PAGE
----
Play makes ‘Bus Stop’ at Carson City’s BAC
If you’re familiar with “Bus Stop” only through the Marilyn Monroe movie, don’t expect to see it replicated exactly at the Brewery Arts Center’s MHJ Black Box Theater the next two weekends.
“I do find the play more enjoyable than the film,” said Joseph Bly, the director of the Proscenium Players Inc.’s (PPI) production of William Inge’s 1955 play at the BAC.
The difference, said Bly, is in the telling.
“Movies are show, don’t tell. In the theater there’s a lot of tell because you can’t show,” he said.
With “Bus Stop” on stage, that means confining the action to a single set, a Kansas diner where the eight-member cast is stuck overnight during a snowstorm.
The story revolves around Cherie (Christina Dietlein), a young lounge singer from Kansas City and Bo Decker (Joe McClure), a cowboy who’s kidnapping her to Montana to get married when their bus is sidelined by the storm.
There’s also Dr. Gerald Lyman (Ron Shoup), a college philosophy professor, who spends the time flirting with Elma Duckworth (Annalise Sanders), the diner’s teenage waitress.
The play was written as a comedy, said Bly, despite some of the dark plot points.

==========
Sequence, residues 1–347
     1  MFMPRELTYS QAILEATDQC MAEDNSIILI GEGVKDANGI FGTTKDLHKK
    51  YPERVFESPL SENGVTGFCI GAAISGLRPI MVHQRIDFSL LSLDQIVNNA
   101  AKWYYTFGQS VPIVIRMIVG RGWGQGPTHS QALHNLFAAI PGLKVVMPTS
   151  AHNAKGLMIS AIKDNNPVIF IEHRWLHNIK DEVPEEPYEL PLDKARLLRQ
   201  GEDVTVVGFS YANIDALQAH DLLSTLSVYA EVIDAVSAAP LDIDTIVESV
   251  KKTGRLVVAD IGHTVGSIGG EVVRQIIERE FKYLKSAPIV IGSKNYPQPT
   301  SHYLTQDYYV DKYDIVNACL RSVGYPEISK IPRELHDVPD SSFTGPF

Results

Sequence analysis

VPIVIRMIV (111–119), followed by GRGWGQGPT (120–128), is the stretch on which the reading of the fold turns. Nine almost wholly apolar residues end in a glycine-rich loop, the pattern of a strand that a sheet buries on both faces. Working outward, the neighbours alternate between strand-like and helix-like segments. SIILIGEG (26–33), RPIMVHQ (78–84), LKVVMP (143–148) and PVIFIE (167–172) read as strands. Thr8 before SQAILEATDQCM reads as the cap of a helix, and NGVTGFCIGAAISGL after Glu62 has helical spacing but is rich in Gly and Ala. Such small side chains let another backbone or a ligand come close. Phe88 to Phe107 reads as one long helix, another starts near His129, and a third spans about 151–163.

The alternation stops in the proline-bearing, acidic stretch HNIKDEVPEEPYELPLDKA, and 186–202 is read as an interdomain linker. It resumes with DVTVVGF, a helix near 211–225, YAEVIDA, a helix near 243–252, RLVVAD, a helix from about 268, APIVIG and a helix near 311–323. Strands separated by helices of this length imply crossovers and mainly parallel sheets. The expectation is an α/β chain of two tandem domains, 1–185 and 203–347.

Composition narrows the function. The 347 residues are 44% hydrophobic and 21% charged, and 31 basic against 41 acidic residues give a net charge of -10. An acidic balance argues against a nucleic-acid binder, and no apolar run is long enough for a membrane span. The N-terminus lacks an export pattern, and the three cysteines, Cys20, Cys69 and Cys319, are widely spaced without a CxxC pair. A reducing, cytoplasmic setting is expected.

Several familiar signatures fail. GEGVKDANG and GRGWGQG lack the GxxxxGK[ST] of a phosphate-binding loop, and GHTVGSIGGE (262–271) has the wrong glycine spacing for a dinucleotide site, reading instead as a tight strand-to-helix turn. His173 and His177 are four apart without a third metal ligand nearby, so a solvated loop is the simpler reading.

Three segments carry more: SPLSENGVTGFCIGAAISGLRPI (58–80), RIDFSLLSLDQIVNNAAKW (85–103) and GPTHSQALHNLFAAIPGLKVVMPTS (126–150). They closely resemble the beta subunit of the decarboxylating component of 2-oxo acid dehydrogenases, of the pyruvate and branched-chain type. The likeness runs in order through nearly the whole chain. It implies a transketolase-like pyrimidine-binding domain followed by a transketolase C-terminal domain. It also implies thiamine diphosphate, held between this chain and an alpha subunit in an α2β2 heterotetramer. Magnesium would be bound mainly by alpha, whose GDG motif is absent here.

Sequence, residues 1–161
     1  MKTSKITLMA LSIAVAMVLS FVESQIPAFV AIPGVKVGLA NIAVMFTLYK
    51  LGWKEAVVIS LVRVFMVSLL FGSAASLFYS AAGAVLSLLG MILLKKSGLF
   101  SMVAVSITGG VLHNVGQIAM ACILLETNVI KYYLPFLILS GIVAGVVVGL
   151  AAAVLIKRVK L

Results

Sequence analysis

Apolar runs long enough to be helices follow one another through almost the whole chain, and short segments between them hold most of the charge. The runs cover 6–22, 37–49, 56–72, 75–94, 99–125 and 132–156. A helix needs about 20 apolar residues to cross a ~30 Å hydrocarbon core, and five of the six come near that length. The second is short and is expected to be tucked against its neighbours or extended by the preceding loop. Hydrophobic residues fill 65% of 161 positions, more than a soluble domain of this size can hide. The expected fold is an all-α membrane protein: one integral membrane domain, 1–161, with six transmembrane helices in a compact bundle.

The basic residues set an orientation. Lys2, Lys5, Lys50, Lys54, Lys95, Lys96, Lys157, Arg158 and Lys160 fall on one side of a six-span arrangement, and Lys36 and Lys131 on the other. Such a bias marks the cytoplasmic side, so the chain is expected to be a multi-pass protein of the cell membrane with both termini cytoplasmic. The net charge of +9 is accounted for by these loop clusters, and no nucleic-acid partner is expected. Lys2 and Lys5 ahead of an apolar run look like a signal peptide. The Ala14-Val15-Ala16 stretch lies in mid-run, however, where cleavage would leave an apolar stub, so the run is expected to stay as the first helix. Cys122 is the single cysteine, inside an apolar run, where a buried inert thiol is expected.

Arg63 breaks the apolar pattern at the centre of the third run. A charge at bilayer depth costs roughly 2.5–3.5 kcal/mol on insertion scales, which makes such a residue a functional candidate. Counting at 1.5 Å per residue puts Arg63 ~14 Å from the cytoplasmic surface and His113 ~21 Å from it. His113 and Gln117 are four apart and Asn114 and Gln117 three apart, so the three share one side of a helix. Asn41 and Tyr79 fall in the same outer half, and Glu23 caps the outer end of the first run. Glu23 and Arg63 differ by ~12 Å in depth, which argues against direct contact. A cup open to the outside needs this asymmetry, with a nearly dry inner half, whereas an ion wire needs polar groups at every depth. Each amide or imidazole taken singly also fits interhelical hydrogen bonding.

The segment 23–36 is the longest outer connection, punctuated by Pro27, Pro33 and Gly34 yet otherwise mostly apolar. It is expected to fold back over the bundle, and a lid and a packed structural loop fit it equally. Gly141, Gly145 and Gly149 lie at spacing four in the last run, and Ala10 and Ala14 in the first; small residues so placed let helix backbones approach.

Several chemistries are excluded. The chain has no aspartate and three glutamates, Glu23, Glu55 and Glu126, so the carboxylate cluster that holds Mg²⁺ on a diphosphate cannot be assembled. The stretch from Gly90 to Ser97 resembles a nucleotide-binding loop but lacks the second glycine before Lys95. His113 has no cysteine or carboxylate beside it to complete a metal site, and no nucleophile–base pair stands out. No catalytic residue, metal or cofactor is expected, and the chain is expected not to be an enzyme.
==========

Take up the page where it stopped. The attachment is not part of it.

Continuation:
“Back then it seemed very droll,” said Bly. “Fortunately, audiences are more sophisticated now and they don’t think kidnapping is a good thing.”
The rest of the characters are Grace Hoylard ( Theresa Martin), the diner’s owner; the local sheriff, Will Masters (Ron Flesher); Virgil Blessing (Jeff Basa), an older cowboy and father figure to Bo; and the bus driver, Carl (Kevin Gallegos).
To better tell the story of strangers trapped together, Bly decided to move the set closer to the audience.
Before the play starts, the audience will actually walk across the set, through the diner door, to be seated.
“My concept was to make the audience feel claustrophobic with the actors,” he said.
That presented challenges, too.
“The set is tricky. It has to be a functional diner,” said Bly, with real donuts and real coffee. “They’re eating so close to the audience that we can’t use any theatrical fakery.”
Bly first encountered the play as the assistant lighting director on a production at Ithaca College, where he received a degree in scenic, lighting, and sound design and worked after graduation.
“It has been a joy and an incredible honor to guide and nudge this cast and watch them develop into a ensemble capable of finely-tuned nuance and character development. I would be proud to see this cast perform on any stage in the world,” Bly wrote in the Director’s Note to the BAC program.
“Bus Stop” performances are March 24, 25, 31 and April 1 at 7 p.m. and March 26 and April 2 at 2 p.m.
Tickets are $13 for BAC and PPI members, $15 for seniors and students, and $18 for general admission.
Tickets are available online at breweryarts.org, the BAC Artisan Shop or by calling 883-1976.
The BAC is at 449 W King St.